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Becoming a Black Belt… One Match at a Time

October 10, 2012

Debbie Micev 2L
Debbie Micev 2L (center)
Debbie Micev 2L (center)

By Debbie Micev 2L

On September 9, 2012, I competed and placed first in the International Brazilian Jiu Jitsu Federation (IBJJF) American Nationals tournament as a Feather weight (116-130lbs).  IBJJF is like the NFL or FIFA of Jiu Jitsu. The tournament took place in Long Beach and I was coached by my longtime friend and Thomas Jefferson Alum Lennie Alzate ’10. She is a blue belt and my training partner. This event was very significant in my life because it was my first real win. I have been kickboxing for about four years and I always faced an uphill battle in the ring with more experienced opponents. A few weeks after this event, I also placed first in another Jiu Jitsu tournament called Grappling X.

First, I must describe the two different versions of BJJ in which I compete in: Gi and No gi. This refers to the Kimono, similar to what people see in Karate schools, only thicker because it’s used for grappling. The No Gi events are much harder because opponents are slippery with the combination of sweat and spandex. When competing with the Gi, the match is a bit slower and you have thick cloth to grab and use against your opponent. I first started competing in No Gi and then I bought a Gi. I hated training with the Gi on because I train with mostly men and once they clutched on, I had no idea what to do. But I forced myself to go every day because I promised myself I wouldn’t give up on something just because it was hard. Even more importantly, at the time I started training in Jiu Jitsu I was suffering from a lot of personal problems. I was extremely depressed, but training in the morning and the evening gave me a sense of purpose and direction as well as the necessary endorphins to combat my depression.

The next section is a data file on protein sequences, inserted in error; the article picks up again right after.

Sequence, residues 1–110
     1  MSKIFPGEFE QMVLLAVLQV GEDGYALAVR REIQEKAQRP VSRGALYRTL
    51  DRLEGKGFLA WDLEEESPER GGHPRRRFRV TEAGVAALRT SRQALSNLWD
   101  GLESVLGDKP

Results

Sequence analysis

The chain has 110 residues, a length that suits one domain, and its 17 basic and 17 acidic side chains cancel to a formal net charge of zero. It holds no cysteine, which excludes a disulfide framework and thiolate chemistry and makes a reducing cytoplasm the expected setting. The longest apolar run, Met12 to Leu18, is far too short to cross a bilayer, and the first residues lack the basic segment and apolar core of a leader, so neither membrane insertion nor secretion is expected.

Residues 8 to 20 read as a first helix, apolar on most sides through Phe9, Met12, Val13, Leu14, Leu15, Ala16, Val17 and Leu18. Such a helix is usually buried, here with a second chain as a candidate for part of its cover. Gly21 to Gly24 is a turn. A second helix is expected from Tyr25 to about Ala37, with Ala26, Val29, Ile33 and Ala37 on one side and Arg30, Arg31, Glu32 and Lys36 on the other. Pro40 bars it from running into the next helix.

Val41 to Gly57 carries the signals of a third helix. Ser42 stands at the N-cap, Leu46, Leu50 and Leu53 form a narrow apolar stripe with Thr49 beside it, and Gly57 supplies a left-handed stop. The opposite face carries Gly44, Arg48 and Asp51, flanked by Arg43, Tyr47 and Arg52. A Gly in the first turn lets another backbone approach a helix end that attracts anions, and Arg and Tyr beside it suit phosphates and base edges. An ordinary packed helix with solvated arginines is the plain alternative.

I apply the skills I learn on the mat in school as well. When I am faced with a challenging subject, I remain calm and apply a consistent strategy to exams. And if I don’t do so well, I let go and move forward.

A typical BJJ lesson begins with a warm-up, then a series of moves which we drill. After that, it’s an open mat where we “roll” (our equivalent of sparring) and the goal is to apply the moves we just learned.

Between law school and Jiu Jitsu, the focus of my daily life is application. I have really grown to love BJJ and I am pursuing a Black Belt, which should take about 10 years if I compete with this level of consistency. As a feather and light feather competitor, I have yet to see a small Black Belt. Perhaps they exist somewhere; I just haven’t come across any. I would like to be that woman and be an inspiration for other women and young girls to show them that you can be a good fighter against even the greatest opponent – which, more often than not, is yourself.